Shaper Template

I've made a fairly complex shaper template out of MDF and unlike many of the templates/jigs/fixtures that I make I think I’ll actually keep this one around... Since MDF is relatively soft and is prone to damage, and swells when it gets wet, I'm contemplating sealing it with something to both harden it and keep incidental moisture out of it.... I am curious to know what others have done... or don't bother to do with their "permanent" MDF patterns to keep them in working order for the long run?
As an aside, I never thought I'd see the day that I'd be using my various L-N spoke shaves on MDF but was delighted to find that they worked wonderfully for getting rid of the band saw marks and removing the waste to the line. This was done before smoothing the curves with with adhesive backed paper on thin strips of oak. It was kind of like discovering that a large L-N router is wonderful for getting dados to full depth after running wavy sheet goods over a dado blade on the table saw. Who would have thought that "old fashioned" tools would work so well with "modern" materials?!
John
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"John Grossbohlin" wrote:

More of a dust cover than a hardening agent, I use about a 1/2 lb - 1 lb cut of shellac, applied with a 2" chip brush.
Since there is so much alcohol in the cut, coats penetrate deeply and dry quickly so that several coats can be applied at one sitting.
BTW, keeps surfaces clean and finger print free.
Lew
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"Lew Hodgett" wrote in message

Shellac is one of the possibilities I have in mind... Thanks for reinforcing this thought!
I was also thinking about poly, or taking it outside and coating it with CA glue... trying to find a balance between adequate and good and not go too far!
John
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On 4/12/2014 11:16 PM, John Grossbohlin wrote:

I would mix up some titebond and water, not much water, just enough to make it spread a little. Then slather it on the ends. Sand, repeat.
Then use shellac to seal the whole thing.
I use tempered hardboard (masonite) for templates, because it is cheaper, I find it easier to work.. I use the 1/4, that can range from 3/16 to 1/4 :-(... sometimes I will glue two together.. I still like it better than mdf...
I like MDF for my work cart tops... solid, dead level... and seems to deaden sound pretty good.
--
Jeff

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"Lew Hodgett" wrote:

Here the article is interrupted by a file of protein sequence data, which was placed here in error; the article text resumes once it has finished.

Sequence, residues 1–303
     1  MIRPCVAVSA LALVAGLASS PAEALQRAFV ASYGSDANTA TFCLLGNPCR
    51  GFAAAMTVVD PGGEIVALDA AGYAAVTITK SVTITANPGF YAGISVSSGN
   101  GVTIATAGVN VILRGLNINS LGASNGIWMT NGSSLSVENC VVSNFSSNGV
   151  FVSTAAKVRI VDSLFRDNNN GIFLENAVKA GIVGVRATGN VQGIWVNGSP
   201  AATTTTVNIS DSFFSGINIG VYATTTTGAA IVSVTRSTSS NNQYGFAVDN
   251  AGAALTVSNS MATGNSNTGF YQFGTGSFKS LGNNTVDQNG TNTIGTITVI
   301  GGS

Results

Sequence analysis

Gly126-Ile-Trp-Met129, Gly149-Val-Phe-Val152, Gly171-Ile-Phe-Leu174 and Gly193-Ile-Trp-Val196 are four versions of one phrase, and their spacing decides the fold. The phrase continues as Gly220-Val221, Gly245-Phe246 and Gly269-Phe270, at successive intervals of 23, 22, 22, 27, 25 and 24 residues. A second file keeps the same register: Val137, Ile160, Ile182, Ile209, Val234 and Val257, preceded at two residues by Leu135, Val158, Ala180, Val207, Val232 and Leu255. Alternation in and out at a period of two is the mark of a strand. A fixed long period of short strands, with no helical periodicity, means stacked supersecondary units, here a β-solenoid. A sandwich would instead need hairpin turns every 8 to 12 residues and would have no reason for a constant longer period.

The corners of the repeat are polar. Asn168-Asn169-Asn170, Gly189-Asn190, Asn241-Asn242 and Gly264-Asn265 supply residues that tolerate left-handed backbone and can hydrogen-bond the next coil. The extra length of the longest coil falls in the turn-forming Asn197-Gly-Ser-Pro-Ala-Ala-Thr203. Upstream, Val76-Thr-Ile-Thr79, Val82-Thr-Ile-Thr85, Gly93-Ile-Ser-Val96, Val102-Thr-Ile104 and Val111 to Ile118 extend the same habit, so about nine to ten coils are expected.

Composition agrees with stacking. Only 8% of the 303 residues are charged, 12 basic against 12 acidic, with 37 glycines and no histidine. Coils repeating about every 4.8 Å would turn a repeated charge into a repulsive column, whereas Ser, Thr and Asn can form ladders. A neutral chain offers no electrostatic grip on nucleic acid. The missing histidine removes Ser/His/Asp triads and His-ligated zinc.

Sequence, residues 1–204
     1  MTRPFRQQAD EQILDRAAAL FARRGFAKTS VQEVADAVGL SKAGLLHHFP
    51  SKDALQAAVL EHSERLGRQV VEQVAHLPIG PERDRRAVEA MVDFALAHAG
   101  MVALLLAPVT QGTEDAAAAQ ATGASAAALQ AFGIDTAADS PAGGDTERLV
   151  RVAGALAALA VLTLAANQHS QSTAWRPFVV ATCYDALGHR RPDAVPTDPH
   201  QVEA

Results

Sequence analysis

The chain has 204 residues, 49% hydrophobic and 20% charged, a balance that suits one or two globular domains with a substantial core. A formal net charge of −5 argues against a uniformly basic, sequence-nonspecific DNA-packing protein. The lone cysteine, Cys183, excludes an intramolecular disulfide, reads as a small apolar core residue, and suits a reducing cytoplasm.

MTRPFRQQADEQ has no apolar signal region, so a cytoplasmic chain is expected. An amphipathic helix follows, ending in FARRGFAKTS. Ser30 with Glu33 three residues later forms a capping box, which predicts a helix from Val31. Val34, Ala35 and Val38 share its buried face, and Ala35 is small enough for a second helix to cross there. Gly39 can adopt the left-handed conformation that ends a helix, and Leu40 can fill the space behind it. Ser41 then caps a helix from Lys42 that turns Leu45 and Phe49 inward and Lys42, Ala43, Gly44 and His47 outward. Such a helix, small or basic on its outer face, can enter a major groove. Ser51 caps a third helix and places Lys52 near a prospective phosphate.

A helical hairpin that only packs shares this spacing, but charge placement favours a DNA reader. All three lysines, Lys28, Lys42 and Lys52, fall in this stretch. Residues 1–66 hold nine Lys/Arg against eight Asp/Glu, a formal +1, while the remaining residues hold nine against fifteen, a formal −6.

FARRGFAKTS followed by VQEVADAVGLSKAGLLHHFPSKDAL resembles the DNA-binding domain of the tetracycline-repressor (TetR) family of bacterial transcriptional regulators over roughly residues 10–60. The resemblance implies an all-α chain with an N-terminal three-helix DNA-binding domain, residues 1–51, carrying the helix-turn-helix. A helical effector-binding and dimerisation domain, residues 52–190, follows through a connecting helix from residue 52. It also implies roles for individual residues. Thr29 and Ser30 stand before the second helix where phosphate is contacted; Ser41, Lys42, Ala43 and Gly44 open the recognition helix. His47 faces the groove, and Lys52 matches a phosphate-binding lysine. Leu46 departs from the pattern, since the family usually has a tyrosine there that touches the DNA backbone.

"John Grossbohlin" wrote:

Uh ho, thinking again<G>
Lew
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On 4/12/2014 9:48 PM, John Grossbohlin wrote:

IME, damage through frequent use is likely to be a bigger problem than storage in a dry location, even in this humid Gulf Coast climate.
I keep them to the point it has become a storage problem, and most don't have any type of finish. Some are ten to fifteen years old and haven't suffered any noticeable effects of age. Even those stored outside, behind the shop, and in a large plastic outdoor storage bin.
The few that I've bothered to put a finish on, it has been with 3lb cut shellac, brushed on right of the can.
--
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"Swingman" wrote in message
On 4/12/2014 9:48 PM, John Grossbohlin wrote:

You are probably correct here... it's just that after spending about two hours making the pattern it seems like it needs to be protected! Maybe I need one of those old map or blue print cabinets with the drawers for my plans and patterns! ;~)
John
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You might consider, for future templates, the green colored water resistant MDF. I have seen pieces of it submerged in a bird bath over night with no ill effects.
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"Leon" wrote in message

Haven't run across that... Truth be told, the MDF I use for things like this comes out of the cull bin at Home Depot. It's often cut into 2x4 or 4x4 pieces and corners may be busted off but I don't care... It's cheap (typically $1-2) and I'm cutting it into small pieces anyway! It's not the material cost I'm trying to save it's my time...
This latest pattern consumed about two hours between layout, bandsawing and fairing. If I were a production shop I'd probably have it cut out of aluminum so it would hold up to repeated use... I anticipate using it again over the coming years and making the actual part from starting with rough cut wood through glue up, pattern cutting on the bandsaw and pattern shaping, to putting the final finish on will take less time than making a new pattern!
John
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bit bearing rides over it, making it tacky again, and sticking in globs to the bearing, and you have a mess.
I love the CA glue idea, but that sounds expensive. The shellac idea should work, but best if kept thin. Epoxy thinned should work too. So should polly thinned.
--
Jim in NC


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